Mikhail Kolyada: I’ll find plenty of things to do.
Will it be something fundamentally new?
Mikhail Kolyada: Completely unrelated to sports or ice. Well, I will definitely go running because I really enjoy it.
Some time has passed since Beijing 2022. How much does the topic of the Olympics, which you couldn’t participate in, still hurt?
Mikhail Kolyada: It hurts a little. Of course, I wanted to go there. But no one is to blame for this. It happens, people get sick, especially in times when this infection is flying around, and we live in quite a large city. Frankly speaking, I even know where and when I got infected.
When did you realize definitively that you wouldn’t be going to the Olympics?
Mikhail Kolyada: I understood it quite early. I kept taking tests, and they were positive. And what should I do in Krasnoyarsk? Let’s say I arrive there while being sick. And then what? I infect everyone, God forbid, and that’s it. The whole team would be affected.
Did you want to prove something to yourself and others by participating in this Olympics?
Mikhail Kolyada: I just wanted to go there and perform in a way that I would enjoy myself. And the only thing I regret is that it happened the way it did, that I didn’t have this chance.
What do you put into the rather formalized notion of “enjoying it myself”?
Mikhail Kolyada: It’s difficult for me to explain. I can only say that I am self-critical to such an extent that it takes effort for me to enjoy it.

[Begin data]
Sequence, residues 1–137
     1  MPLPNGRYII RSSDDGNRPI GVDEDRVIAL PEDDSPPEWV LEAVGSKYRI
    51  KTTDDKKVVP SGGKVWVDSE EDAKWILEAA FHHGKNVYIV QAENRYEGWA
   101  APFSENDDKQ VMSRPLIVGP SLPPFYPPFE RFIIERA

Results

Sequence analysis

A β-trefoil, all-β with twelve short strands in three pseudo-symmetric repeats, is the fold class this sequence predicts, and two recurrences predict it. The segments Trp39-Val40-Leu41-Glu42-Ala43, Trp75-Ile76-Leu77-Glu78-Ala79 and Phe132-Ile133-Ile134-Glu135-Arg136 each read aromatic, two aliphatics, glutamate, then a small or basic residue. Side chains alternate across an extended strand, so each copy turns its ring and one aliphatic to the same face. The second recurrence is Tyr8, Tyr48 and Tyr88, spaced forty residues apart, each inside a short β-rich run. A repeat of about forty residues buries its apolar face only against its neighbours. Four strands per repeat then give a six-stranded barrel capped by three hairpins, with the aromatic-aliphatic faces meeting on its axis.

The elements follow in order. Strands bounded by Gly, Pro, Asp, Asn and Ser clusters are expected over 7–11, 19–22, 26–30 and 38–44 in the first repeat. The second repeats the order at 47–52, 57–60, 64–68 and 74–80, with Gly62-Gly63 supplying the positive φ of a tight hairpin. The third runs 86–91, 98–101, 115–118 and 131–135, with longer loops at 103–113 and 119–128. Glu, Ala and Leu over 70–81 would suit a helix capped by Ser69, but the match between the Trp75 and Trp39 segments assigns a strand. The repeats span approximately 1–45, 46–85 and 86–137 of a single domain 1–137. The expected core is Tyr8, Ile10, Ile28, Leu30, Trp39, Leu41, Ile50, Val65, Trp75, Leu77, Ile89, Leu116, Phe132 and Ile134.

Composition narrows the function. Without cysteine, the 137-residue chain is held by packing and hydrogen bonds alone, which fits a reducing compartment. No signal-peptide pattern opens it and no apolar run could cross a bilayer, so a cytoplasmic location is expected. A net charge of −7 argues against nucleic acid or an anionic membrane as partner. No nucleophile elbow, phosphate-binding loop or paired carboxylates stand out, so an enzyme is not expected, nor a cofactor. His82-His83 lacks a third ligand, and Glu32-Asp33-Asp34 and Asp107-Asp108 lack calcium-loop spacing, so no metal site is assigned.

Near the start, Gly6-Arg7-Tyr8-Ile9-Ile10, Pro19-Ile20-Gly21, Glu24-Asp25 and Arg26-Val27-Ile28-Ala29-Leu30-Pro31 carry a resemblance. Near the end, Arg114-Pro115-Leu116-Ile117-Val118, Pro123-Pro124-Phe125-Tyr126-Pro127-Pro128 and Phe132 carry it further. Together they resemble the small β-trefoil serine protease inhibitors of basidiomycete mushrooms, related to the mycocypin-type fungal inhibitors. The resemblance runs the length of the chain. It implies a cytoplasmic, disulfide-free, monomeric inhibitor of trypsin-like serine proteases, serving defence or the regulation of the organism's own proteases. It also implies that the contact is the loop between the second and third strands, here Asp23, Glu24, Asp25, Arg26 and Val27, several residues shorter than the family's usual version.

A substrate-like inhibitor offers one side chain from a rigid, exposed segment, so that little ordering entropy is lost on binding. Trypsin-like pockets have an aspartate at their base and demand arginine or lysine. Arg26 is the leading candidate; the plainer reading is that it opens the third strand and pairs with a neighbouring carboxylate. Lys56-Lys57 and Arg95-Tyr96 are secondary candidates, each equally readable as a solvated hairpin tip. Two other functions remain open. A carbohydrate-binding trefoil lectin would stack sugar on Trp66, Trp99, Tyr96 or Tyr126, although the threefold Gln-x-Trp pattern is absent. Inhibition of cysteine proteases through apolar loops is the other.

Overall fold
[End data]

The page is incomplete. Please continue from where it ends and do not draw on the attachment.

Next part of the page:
Are we talking about technique or about a particular musicality, inspiration, and so on?
Mikhail Kolyada: It’s all together. It’s not just about nailing the jumps but also maximizing the second score.
Do you remember a moment when you were completely satisfied with your performance?
Mikhail Kolyada: I’m sure there were such moments, but now, I don’t think I can name them. That’s in the past. Even today will not repeat itself.
Is there a certain sadness in accepting that?
Mikhail Kolyada: No, on the contrary, it’s exhilarating. I’m really thrilled. Today, for example, I had a great day.
But if today is already history, then what is the point of your perfectionism in principle?
Mikhail Kolyada: Well, life is finite. I won’t be lying on my deathbed thinking about how to correct past mistakes. I prefer to treat it like an old friend, as they say in “Harry Potter.” Every day, we make our own choices on how we want to live it.
Do you remember the moment when you decided to build fundamentally different relationships with the outside world? I’m not even talking about journalists, but about personal social media. When was it and what was it connected to?
Mikhail Kolyada: I remember. I gave up Instagram. I realized that it was draining a lot of my energy and strength, and then there might not be enough left for real matters. I quit social media, including “VKontakte.” Now I only have Telegram, but to some extent. When there’s news, I please the audience. And when there’s no news… I read the comments too. They write, “Oh, how are you, alive and well?” I am alive and well, everything is fine.
In the global sense of my changes… Maybe I’m just the kind of person who doesn’t like to be a bother. Okay, I won’t dwell on all that.
No, please elaborate on it.